Bangladesh to set up dolphin sanctuaries

October 31, 2011
Bangladesh will declare three river areas in its southwest as dolphin sanctuaries, wildlife officials said Monday, in a bid to protect the country's population of endangered freshwater cetaceans.

Bangladesh will declare three river areas in its southwest as dolphin sanctuaries, wildlife officials said Monday, in a bid to protect the country's population of endangered freshwater cetaceans.

The forestry department took the decision after studies found three areas in the UNESCO-listed Sundarbans mangrove forest, which straddles Bangladesh and India, were home to large populations of Irrawaddy and Ganges river .

"We have decided to declare river channels at Dhangmari, Chandpai and Dudhmukhi areas in the eastern Sundarbans as dolphin sanctuaries," Tapan Kumar Dey, senior official at the forest department, said.

"The channels and adjoining areas are home to hundreds of endangered Irrawady and Ganges river dolphins. Fishermen will be banned from fishing in the areas," he told AFP.

Tens of thousands of fishermen catch fish and shrimp in the channels. Although dolphins are not targeted directly, they often become entangled in the and die by the dozen every year.

A series of studies since 2002 by the Bangladesh Cetacean Diversity Project (BCDP) identified the three areas in the Sunderbans' which are key dolphin hotspots.

An earlier BCDP study found the world's largest population of Irrawaddy dolphins -- an estimated 6,000 -- living along Bangladesh's southern coast, including in the Sundarbans.

In other areas where the flat-faced dolphins are known to converge, such as the Mekong delta in South East Asia, populations have been estimated at less than 100.

Explore further: WWF calls for action to save Mekong dolphins

Related Stories

WWF calls for action to save Mekong dolphins

August 17, 2011

Conservation group WWF on Wednesday called for urgent action to prevent the extinction of freshwater dolphins in the Mekong River, including the creation of special conservation zones.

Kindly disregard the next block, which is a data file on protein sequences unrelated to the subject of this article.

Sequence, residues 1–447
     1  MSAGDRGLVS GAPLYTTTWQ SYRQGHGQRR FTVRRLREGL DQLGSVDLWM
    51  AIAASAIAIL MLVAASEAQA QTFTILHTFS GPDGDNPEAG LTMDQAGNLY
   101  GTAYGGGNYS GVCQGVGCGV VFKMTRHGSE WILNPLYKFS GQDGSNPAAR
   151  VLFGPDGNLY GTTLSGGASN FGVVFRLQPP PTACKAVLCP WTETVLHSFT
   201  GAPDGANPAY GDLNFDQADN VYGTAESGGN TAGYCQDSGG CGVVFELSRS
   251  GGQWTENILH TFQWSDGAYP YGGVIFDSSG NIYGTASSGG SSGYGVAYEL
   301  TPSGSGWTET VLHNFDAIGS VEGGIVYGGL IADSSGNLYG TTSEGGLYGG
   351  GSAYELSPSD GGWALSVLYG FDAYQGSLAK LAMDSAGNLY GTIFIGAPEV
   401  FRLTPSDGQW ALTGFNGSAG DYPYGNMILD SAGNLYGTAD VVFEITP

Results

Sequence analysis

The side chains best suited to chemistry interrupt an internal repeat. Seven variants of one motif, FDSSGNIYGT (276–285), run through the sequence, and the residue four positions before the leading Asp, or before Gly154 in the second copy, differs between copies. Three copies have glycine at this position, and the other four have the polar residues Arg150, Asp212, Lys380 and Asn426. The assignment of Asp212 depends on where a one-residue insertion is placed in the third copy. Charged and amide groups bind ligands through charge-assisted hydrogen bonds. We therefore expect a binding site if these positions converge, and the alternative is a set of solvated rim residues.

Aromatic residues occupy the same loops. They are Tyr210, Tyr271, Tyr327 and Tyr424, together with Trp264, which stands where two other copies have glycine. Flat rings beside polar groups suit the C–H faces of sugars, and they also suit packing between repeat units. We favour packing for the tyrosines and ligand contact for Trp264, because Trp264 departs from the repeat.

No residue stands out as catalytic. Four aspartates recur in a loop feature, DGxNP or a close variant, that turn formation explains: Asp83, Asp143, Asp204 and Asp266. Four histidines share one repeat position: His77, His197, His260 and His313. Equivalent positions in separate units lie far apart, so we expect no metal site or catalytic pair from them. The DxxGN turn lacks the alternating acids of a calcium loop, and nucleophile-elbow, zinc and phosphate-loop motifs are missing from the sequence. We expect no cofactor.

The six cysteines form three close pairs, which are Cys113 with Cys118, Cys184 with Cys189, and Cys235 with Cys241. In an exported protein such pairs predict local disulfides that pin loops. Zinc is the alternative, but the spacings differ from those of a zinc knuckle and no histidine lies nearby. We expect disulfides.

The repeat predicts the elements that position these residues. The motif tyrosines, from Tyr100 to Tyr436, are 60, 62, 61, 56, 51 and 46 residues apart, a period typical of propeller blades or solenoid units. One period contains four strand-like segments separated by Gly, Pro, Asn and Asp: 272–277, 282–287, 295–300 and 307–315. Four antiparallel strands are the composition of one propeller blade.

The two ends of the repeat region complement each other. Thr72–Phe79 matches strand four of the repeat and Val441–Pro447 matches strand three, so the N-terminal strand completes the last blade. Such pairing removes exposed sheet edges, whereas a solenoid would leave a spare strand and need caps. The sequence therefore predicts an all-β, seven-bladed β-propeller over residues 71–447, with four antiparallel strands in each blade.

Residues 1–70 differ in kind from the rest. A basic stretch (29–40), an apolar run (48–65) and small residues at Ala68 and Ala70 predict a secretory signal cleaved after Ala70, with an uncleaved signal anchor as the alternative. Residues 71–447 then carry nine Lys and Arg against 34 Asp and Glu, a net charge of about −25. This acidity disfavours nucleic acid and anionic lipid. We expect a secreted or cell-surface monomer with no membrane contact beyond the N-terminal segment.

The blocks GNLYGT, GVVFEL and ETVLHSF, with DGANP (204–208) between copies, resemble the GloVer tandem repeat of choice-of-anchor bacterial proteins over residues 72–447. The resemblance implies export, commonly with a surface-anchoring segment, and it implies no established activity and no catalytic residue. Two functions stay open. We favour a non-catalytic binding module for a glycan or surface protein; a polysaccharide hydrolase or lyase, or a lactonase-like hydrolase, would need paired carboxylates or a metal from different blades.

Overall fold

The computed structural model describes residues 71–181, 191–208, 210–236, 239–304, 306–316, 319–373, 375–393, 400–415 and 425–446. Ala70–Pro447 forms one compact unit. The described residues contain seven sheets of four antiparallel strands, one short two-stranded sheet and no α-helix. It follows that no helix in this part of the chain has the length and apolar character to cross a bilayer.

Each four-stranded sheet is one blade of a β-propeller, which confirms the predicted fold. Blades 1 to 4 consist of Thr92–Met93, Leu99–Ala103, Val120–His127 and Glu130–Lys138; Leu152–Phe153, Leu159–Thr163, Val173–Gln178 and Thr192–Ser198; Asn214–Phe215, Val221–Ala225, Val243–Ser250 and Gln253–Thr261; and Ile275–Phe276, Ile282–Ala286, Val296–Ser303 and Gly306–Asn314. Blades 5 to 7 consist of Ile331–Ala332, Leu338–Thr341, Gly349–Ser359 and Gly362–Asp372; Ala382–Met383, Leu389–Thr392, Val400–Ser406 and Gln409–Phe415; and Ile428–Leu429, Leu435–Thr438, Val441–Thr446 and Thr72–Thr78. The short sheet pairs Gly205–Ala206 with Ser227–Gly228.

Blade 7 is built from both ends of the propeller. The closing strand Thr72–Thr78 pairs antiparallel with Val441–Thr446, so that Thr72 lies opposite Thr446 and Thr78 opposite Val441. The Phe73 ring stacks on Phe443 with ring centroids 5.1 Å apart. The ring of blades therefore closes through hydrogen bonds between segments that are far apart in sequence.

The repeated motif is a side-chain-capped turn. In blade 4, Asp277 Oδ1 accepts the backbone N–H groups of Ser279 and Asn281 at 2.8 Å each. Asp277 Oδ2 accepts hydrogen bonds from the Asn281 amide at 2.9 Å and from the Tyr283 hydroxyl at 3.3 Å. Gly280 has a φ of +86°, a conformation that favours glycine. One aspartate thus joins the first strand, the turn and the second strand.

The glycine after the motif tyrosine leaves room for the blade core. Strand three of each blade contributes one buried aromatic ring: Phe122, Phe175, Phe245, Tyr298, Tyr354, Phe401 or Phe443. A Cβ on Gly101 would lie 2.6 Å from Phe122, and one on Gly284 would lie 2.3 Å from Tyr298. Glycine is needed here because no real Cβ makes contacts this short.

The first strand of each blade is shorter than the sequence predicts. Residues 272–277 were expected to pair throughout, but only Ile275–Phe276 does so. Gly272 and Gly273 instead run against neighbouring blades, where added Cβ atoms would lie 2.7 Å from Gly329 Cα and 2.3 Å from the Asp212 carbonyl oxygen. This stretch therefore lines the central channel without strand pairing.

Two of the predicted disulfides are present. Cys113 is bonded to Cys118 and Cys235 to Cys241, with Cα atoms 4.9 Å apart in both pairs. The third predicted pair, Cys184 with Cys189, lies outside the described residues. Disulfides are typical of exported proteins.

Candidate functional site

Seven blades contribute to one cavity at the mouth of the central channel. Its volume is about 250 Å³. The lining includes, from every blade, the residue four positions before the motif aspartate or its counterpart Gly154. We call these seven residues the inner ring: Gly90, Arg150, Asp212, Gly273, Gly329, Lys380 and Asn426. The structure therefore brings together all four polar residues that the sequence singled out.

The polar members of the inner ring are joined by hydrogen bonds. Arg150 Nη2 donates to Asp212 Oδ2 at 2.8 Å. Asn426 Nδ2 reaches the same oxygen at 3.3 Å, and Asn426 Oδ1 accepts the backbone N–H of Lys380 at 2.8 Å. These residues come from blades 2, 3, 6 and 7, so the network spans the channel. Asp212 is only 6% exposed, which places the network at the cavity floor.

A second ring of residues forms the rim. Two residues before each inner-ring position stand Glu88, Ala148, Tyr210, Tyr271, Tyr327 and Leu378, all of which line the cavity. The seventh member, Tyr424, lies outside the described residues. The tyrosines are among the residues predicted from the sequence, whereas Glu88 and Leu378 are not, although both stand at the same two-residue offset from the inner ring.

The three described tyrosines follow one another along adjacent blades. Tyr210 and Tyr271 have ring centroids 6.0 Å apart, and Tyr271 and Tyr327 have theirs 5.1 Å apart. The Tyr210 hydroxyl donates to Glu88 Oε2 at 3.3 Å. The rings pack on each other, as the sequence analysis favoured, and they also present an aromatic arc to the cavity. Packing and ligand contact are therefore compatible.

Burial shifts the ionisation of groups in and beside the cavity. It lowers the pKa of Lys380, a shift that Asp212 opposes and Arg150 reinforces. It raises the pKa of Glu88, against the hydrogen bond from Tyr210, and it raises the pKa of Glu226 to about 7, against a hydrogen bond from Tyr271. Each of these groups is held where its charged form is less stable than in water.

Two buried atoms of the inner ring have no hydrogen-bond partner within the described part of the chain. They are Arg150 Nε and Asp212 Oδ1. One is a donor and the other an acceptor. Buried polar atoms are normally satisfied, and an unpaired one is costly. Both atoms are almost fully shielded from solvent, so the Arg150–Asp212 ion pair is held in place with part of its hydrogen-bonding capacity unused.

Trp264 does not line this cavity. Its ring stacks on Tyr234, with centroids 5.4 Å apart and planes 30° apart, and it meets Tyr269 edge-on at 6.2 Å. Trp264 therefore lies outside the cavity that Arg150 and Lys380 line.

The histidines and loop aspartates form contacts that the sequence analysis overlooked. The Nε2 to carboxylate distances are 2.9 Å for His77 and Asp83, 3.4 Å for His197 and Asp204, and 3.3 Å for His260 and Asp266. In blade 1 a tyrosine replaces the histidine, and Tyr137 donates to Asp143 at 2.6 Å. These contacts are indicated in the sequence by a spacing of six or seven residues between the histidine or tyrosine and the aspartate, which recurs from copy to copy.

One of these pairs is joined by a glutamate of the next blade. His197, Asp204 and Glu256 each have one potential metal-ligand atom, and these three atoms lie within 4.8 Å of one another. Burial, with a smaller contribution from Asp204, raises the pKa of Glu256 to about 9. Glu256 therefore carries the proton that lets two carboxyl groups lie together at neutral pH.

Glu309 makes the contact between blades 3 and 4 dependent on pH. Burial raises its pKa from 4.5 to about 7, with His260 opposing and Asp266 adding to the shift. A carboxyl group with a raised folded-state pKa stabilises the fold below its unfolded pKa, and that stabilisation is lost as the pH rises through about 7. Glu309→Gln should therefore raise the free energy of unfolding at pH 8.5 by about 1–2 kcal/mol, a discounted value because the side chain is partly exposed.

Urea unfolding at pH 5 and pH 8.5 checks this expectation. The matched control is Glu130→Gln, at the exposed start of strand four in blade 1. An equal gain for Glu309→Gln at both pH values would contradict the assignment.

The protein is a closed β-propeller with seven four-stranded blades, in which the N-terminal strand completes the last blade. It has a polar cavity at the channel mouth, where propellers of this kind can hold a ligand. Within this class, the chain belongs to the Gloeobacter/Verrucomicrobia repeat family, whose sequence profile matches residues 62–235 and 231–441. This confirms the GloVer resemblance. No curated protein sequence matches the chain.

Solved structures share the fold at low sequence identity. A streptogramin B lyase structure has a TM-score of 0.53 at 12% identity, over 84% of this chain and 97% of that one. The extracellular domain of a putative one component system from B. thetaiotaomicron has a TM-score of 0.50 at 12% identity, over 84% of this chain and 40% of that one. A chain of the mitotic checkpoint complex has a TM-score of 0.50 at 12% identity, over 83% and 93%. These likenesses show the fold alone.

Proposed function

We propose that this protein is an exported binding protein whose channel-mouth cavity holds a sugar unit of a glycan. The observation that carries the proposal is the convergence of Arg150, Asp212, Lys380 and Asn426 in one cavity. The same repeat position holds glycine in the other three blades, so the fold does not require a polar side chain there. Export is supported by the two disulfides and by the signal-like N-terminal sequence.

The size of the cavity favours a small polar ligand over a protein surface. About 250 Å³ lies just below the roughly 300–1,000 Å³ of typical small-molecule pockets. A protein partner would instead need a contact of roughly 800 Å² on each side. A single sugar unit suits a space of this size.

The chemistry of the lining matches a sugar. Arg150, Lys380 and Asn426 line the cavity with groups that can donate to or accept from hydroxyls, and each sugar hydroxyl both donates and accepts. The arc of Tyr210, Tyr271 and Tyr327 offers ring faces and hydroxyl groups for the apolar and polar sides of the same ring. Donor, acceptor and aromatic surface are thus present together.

Dolphin conservationists save tigers in Bangladesh

August 5, 2011

A team of young Bangladeshi conservationists supported by the Conservation Leadership Program and Save Our Species have stopped a fire raging across an area of the Sundarbans in Bangladesh, threatening species and habitat ...

Dolphin population at risk in Britain

May 16, 2007

A report from the Wildlife Trusts and an animal charity has found that commercial fishing in Britain is placing the regional dolphin population at risk.

Recommended for you

Lab charts the anatomy of three molecular channels

January 23, 2017

Using a state-of-the-art imaging technology in which molecules are deep frozen, scientists in Roderick MacKinnon's lab at Rockefeller University have reconstructed in unprecedented detail the three-dimensional architecture ...

New steps in the meiosis chromosome dance

January 23, 2017

Where would we be without meiosis and recombination? For a start, none of us sexually reproducing organisms would be here, because that's how sperm and eggs are made. And when meiosis doesn't work properly, it can lead to ...

Research describes missing step in how cells move their cargo

January 23, 2017

Every time a hormone is released from a cell, every time a neurotransmitter leaps across a synapse to relay a message from one neuron to another, the cell must undergo exocytosis. This is the process responsible for transporting ...

Immune defense without collateral damage

January 23, 2017

Researchers from the University of Basel in Switzerland have clarified the role of the enzyme MPO. In fighting infections, this enzyme, which gives pus its greenish color, produces a highly aggressive acid that can kill pathogens ...

Provocative prions may protect yeast cells from stress

January 23, 2017

Prions have a notorious reputation. They cause neurodegenerative disease, namely mad cow/Creutzfeld-Jakob disease. And the way these protein particles propagate—getting other proteins to join the pile—can seem insidious.

0 comments

Please sign in to add a comment. Registration is free, and takes less than a minute. Read more

Click here to reset your password.
Sign in to get notified via email when new comments are made.